Almost all businesses have some sort of inventory. Whether it is a product they are selling or supplies for the bathroom, all inventory needs to be recorded and tracked to be replenished. This portion of the business is called Inventory Control Management.
Definition of Inventory Control Management
Inventory control is that portion of the business that manages how much to invest in the inventory. If you don’t invest enough, you won’t have product to sell to your customers. If you invest too much, you may run out of money as stock sits idly in the warehouse.
Types of Inventory to Manage
The inventory control department manages raw materials, unfinished goods, finished goods and consumables. All inventory items can fall into one of these categories.
Inventory Control Methods
There are a number of methods for managing inventory. Inventory can be managed by simply re-ordering when a minimum level is reached, or it could be reviewed at predetermined intervals to return inventory to a given amount. Managers can determine which method, or combination of methods would best suit their business.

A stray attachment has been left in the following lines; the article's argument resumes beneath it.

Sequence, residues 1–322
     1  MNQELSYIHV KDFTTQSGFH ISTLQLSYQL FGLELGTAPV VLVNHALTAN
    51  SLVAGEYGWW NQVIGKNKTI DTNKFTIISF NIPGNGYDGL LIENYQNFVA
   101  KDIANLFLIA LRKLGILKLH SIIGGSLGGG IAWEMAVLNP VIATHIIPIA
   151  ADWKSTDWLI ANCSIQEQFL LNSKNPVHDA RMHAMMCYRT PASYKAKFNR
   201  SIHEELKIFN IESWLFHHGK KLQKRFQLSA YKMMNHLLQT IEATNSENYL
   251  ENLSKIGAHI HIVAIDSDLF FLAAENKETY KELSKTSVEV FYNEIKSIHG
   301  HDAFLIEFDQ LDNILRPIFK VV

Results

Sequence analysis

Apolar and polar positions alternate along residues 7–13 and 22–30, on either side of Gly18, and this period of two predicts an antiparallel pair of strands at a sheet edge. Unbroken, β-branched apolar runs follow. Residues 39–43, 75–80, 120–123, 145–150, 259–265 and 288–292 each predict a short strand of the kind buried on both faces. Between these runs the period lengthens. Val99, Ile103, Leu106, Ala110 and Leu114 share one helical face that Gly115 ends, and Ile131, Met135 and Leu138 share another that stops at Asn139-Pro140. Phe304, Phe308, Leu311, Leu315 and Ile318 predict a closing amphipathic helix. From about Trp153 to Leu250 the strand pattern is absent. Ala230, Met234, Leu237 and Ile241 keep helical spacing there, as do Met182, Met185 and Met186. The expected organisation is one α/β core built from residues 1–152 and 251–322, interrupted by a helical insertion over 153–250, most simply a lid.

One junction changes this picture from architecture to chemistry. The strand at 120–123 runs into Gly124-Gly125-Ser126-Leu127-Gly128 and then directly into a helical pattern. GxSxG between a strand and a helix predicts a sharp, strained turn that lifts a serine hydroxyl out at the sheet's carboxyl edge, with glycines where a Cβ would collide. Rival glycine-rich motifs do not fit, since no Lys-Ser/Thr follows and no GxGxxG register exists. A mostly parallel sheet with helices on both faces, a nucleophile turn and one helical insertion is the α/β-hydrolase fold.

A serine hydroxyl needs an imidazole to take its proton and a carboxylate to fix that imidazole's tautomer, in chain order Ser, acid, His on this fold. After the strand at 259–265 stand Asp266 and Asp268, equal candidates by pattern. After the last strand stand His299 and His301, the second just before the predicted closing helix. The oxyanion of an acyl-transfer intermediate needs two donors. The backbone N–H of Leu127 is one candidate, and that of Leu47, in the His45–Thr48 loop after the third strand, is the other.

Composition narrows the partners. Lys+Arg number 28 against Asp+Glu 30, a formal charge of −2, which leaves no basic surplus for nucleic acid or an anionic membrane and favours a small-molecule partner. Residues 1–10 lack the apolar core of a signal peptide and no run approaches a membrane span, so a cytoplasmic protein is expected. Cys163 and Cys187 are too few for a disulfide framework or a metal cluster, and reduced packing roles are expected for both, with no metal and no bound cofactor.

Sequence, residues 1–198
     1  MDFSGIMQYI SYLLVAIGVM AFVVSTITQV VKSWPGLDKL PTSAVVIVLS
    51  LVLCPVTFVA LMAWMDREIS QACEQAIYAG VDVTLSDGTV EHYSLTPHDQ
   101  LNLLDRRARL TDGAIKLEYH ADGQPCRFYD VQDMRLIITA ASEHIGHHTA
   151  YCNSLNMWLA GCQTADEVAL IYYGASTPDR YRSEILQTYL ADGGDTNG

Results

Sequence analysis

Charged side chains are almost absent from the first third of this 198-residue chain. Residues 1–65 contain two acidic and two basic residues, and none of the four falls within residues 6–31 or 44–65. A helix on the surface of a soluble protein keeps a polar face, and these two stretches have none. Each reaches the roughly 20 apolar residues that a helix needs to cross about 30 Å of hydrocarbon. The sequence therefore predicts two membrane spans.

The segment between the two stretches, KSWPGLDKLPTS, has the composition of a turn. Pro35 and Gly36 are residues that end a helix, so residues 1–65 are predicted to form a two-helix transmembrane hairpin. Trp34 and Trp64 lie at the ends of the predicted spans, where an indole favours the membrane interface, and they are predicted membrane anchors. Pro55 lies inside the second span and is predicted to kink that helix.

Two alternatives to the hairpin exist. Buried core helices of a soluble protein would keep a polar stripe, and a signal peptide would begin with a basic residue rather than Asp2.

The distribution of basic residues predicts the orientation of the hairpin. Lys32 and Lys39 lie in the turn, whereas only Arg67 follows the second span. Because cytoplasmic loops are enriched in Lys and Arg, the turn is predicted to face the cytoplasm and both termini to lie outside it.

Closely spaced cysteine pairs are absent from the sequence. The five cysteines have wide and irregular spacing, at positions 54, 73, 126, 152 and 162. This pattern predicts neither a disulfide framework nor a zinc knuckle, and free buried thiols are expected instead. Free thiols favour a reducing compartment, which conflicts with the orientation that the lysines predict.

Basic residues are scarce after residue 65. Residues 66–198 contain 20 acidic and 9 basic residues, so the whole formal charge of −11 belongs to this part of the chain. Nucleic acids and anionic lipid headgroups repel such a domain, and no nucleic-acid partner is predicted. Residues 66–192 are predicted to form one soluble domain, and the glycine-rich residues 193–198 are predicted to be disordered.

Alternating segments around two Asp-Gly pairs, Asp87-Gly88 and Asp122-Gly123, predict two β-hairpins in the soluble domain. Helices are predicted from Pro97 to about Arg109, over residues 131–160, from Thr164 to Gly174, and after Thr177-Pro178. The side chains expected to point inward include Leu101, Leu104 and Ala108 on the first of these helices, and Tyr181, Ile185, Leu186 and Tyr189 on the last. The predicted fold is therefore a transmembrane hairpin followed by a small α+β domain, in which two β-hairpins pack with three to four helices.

For small inventories, a spreadsheet and clipboard may be all you need to keep track of everything. For larger inventories a computer program may be needed to help keep track of everything. More massive inventories might require RFID, or radio frequency identification, chips that allow scanners to track large amounts of information about the inventory.
Inventory control is about more than just inventory, there are financial matters dealing with purchase orders, delivery notes, returns and requisitions. In larger companies there may be a person, or an entire department, dealing with just this paperwork.
Shawn McClain has spent over 15 years as a journalist covering technology, business, culture and the arts. He has published numerous articles in both national and local publications, and online at various websites. He is currently pursuing his master's degree in journalism at Clarion University.